Just hours after President Donald Trump issued an executive order seeking to strip legal protections from social-media companies that “censor” speech, Twitter early Friday applied another a warning label to one of Trump’s tweets — with the company saying his post about unrest in Minneapolis violated its policy banning content that glorifies violence.
Trump, in a tweet at 12:53 a.m. ET Friday, said that “when the looting starts, the shooting starts,” in reference to rioters in Minneapolis who took to the streets in the wake of the death of George Floyd, the man who died Monday while in police custody. Video showed a city police officer kneeling on his neck.
“….These THUGS are dishonoring the memory of George Floyd, and I won’t let that happen,” Trump said in the tweet, which is now hidden on Twitter’s service behind the warning message. “Just spoke to [Minnesota] Governor Tim Walz and told him that the Military is with him all the way. Any difficulty and we will assume control but, when the looting starts, the shooting starts. Thank you!”
A little over two hours later, Twitter said it put a warning label in front of that tweet. According to Twitter, Trump’s tweet “violates our policies regarding the glorification of violence based on the historical context of the last line, its connection to violence, and the risk it could inspire similar actions today.”
The company continued, “We’ve taken action in the interest of preventing others from being inspired to commit violent acts, but have kept the Tweet on Twitter because it is important that the public still be able to see the Tweet given its relevance to ongoing matters of public importance.”
Meanwhile, the president posted the same message on Facebook and Instagram, which so far have left them unchecked.
[UPDATE: The White House’s Twitter account at 8:17 a.m. ET reposted the text of the Trump tweet that Twitter flagged for glorifying violence; shortly afterward Twitter applied the same warning label to that as well.]
The “looting and shooting” comment by Trump appeared to be an allusion to the infamous remarks by Miami’s chief of police in 1967 who bragged at a news conference that “We haven’t had any serious problems with civil uprising and looting, because I’ve let the word filter down that when the looting starts, the shooting starts,” as reported by the New York Times.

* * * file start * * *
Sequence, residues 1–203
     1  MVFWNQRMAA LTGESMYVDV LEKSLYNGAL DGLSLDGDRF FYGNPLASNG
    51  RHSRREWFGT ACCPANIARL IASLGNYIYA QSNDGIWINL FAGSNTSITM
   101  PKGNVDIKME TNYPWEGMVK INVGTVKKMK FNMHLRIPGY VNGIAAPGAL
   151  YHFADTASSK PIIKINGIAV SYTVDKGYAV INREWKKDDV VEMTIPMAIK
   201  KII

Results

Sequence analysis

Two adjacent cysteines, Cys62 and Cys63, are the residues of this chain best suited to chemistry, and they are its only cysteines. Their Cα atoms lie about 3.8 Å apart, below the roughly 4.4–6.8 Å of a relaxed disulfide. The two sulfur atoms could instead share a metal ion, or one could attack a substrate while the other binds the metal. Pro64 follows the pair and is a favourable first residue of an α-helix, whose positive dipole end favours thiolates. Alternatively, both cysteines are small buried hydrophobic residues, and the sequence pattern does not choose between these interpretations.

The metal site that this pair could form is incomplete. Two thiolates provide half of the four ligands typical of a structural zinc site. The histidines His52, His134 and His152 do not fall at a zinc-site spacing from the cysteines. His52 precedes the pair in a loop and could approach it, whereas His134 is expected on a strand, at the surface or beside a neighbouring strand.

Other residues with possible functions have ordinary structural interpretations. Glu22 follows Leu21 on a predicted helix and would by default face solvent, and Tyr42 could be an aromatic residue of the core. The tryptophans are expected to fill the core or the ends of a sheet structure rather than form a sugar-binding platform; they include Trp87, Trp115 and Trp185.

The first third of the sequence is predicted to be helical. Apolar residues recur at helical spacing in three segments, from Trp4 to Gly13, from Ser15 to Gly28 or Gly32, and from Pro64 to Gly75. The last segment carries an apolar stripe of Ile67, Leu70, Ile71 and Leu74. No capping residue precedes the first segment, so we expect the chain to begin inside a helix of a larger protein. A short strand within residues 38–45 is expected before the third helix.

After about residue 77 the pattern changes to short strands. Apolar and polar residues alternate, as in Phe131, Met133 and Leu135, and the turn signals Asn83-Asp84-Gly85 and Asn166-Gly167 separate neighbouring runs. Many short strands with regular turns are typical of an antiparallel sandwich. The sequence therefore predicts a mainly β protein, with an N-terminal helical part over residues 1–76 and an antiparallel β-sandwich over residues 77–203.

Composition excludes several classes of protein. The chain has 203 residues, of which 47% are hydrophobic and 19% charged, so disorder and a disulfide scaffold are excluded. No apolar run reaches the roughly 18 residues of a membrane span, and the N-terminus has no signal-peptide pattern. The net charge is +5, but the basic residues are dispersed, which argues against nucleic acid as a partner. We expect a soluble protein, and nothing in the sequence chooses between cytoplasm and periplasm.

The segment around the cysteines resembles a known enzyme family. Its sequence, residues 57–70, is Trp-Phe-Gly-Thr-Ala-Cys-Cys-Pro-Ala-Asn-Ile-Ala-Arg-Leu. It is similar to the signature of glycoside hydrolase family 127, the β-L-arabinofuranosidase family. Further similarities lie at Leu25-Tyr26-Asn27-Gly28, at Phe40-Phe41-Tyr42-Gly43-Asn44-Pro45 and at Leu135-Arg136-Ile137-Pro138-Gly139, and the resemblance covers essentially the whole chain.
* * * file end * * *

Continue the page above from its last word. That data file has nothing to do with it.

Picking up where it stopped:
Twitter’s new warning label on the Trump tweet came after the company on May 26 — for the first time — affixed fact-checking labels to two of his inaccurate tweets about mail-in ballots. Trump, furious about Twitter adding the “potentially misleading” warnings to his posts, retaliated Thursday by issuing an executive order directing federal agencies to reinterpret Section 230 of the Communications Decency Act to remove legal liability immunity for social networks that “engage in censoring or any political conduct.” Legal experts said Trump’s order appears to be unconstitutional and would face a court challenge.
For political figures like Trump, Twitter’s policy is to leave in place tweets that would be violations for regular users but which the company considers to be in the “public interest.” In June 2019, Twitter announced a policy under which tweets by political figures that violate its regular policies would be displayed with a warning notice in front of tweets. The move Friday is the first time Twitter is applying that policy to one of Trump’s tweets.
According to Twitter, “As is standard with this notice, engagements with the Tweet [from Trump about Minneapolis] will be limited. People will be able to Retweet with Comment, but will not be able to Like, Reply or Retweet it.”
When viewed on Twitter platforms, the warning notice hides the text of Trump’s tweet until a user clicks “View” to see it. However, the label does not show up when the tweet is embedded in third-party sites.
After Trump threatened to punish Twitter (in messages posted on the platform), Twitter CEO Jack Dorsey said the company plans to keep fact-checking information in tweets. “We’ll continue to point out incorrect or disputed information about elections globally,” Dorsey wrote in a series of posts Wednesday.